A medical record review in the US found that obese women were less likely to have put the baby to the breast within the first two hours than normal weight women [40].

The studies reporting on maternal obesity and duration of breastfeeding are presented in Table 4. There were fifteen studies, of which seven were conducted in the USA, five in Australia, and one each in Denmark, Kuwait and Russia. The majority of large studies found that obese women breastfed for a shorter duration than normal weight women, even after adjusting for possible confounding factors [1113, 39, 44, 48, 49]. Studies in Russia [43] and Denmark [50] with high breastfeeding initiation rates found no difference in breastfeeding duration according to maternal obesity. A recent Australian study of 764 women found that obese women were less likely to be breastfeeding at six months than women with a normal BMI [48]. Obese women had an odds of 0.49 (95%CI 0.28, 0.85) for breastfeeding at six months compared to women with a normal BMI, adjusted for a range of factors including infant feeding intention, maternal age, smoking and depression [48]. In the USA, Kugyelka and colleagues found no effect of obesity in duration of breastfeeding in black women (while they did find a relationship in Hispanic women) [40]. Only one study, in Kuwait, found that higher maternal weight (120% of standard reference weight for height) was associated with longer duration of breastfeeding [51].


Possible reasons why overweight/obese women are less likely to breastfeed

1. Anatomical/physiological

Several studies have investigated delayed lactogenesis II (the onset of a copious milk supply) in obese women (Table 3). They reported delayed lactogenesis according to maternal perception and to physiological markers. Obesity remained associated with delayed lactogenesis after adjusting for several possible confounding factors, but infant feeding intention was not included. As obese women intend to breastfeed for shorter durations than other women, perhaps part of the delay in time to first feed [40] and tendency to give up before hospital discharge is behavioural rather than physiological.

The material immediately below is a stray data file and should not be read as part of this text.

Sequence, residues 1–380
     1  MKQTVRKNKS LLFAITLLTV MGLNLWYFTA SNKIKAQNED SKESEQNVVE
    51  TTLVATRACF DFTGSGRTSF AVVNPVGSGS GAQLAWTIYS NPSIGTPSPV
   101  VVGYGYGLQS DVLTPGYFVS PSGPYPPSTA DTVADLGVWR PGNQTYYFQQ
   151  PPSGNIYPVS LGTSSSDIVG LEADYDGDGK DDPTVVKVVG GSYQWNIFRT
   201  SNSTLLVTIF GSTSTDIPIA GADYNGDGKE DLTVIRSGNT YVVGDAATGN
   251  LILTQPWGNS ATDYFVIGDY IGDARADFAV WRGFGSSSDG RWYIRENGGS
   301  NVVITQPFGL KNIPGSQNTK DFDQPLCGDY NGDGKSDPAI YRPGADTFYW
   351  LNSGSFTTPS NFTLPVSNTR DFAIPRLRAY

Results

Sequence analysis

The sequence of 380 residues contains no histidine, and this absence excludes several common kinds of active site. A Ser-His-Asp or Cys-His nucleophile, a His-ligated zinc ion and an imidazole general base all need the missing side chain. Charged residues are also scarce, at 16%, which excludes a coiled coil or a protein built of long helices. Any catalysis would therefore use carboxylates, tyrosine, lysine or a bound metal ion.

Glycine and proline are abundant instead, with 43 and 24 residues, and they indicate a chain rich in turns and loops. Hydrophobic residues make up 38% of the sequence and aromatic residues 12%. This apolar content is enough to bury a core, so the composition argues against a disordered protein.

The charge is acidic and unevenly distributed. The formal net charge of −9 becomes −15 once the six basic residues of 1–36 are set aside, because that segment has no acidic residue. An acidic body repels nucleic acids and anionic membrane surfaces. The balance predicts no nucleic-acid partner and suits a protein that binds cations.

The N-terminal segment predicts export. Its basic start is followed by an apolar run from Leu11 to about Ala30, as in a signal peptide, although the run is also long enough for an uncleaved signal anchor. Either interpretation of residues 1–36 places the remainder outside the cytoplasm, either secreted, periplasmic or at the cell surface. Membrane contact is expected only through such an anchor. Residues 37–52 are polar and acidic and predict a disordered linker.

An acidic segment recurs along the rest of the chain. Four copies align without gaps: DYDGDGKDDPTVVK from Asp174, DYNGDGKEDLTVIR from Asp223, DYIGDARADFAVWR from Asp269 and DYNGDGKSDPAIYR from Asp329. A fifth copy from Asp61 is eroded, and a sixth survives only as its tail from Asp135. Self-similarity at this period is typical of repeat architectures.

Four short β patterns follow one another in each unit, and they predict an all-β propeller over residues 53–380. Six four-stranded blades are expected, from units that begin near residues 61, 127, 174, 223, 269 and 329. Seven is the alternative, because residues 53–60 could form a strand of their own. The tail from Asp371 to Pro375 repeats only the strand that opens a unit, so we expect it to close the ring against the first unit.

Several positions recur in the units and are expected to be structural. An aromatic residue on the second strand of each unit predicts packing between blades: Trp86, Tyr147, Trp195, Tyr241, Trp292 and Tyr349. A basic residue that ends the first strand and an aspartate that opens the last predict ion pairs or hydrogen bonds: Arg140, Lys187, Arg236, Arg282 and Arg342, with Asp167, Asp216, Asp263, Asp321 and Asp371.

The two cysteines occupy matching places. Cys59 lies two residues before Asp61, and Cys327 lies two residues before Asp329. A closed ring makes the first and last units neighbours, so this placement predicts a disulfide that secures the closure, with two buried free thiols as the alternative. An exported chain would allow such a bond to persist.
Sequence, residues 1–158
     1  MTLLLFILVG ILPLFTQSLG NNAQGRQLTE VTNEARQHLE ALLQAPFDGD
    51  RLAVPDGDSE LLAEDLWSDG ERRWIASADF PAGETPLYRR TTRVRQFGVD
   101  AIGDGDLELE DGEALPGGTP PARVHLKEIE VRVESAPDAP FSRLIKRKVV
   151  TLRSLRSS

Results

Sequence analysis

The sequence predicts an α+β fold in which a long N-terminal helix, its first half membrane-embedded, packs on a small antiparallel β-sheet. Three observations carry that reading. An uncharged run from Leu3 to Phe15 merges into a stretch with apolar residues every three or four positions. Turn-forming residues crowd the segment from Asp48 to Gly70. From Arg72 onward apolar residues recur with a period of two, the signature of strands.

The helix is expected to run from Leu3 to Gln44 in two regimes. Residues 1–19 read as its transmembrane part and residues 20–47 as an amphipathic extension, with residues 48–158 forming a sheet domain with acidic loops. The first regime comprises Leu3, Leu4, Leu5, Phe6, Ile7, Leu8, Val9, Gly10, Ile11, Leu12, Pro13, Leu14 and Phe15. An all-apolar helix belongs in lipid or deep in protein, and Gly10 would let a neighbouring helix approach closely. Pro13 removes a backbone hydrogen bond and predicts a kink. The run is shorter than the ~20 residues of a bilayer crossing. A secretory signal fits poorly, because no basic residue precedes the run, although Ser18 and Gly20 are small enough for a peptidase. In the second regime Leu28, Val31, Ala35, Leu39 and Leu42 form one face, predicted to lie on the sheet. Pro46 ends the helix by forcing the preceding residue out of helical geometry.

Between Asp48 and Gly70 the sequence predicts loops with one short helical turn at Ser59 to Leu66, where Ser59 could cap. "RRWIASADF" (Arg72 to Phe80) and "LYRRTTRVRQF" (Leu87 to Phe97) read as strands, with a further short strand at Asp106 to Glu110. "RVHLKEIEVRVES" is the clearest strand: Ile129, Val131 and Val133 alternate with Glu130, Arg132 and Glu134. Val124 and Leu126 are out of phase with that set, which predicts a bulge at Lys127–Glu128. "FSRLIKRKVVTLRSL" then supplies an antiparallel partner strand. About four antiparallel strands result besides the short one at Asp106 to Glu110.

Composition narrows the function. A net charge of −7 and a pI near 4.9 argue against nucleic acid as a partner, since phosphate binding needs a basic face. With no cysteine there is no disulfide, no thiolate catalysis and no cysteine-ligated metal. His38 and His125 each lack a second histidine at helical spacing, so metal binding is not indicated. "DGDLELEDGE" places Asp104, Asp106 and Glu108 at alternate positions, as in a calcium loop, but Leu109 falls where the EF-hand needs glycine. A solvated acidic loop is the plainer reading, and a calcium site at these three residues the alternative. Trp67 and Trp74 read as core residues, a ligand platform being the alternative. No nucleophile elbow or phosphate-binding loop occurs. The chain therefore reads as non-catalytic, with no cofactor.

Adipose tissue acts as a reservoir for steroid hormones and is also a site of steroid production and metabolism [52, 53]. One theory for the delay in lactogenesis II is that progesterone stored in adipose tissue leads to higher progesterone levels in obese women than normal-weight women which disrupts the usual sudden drop in progesterone leading to lactogenesis II [54]. However the only study to investigate this found no difference in serum progesterone levels between obese/overweight women and normal weight women [16].

Although women with large breasts are not necessarily obese, obese women will often have large breasts, and there are indications in the literature that large breasts have been associated with breastfeeding difficulties. Historically it was thought that wet nurses with large breasts were poor milk producers [55]. "Overly large breasts usually betrayed a true poverty of milk, for the heavy fat parts impeded the separation of the milk and its free passage through the narrow conduits to the nipples" [[55], p52]. A study of perceived insufficient milk found that women with a high BMI were more likely to experience an earlier onset of "insufficient milk" (p < 0.05), but this was not significant in multivariate survival analysis [56]. In contrast, Rutishauser and Carlin found that overweight/obese women were less likely to give "poor milk supply" as the reason for early cessation of breastfeeding than women of normal weight (p < 0.05) [11].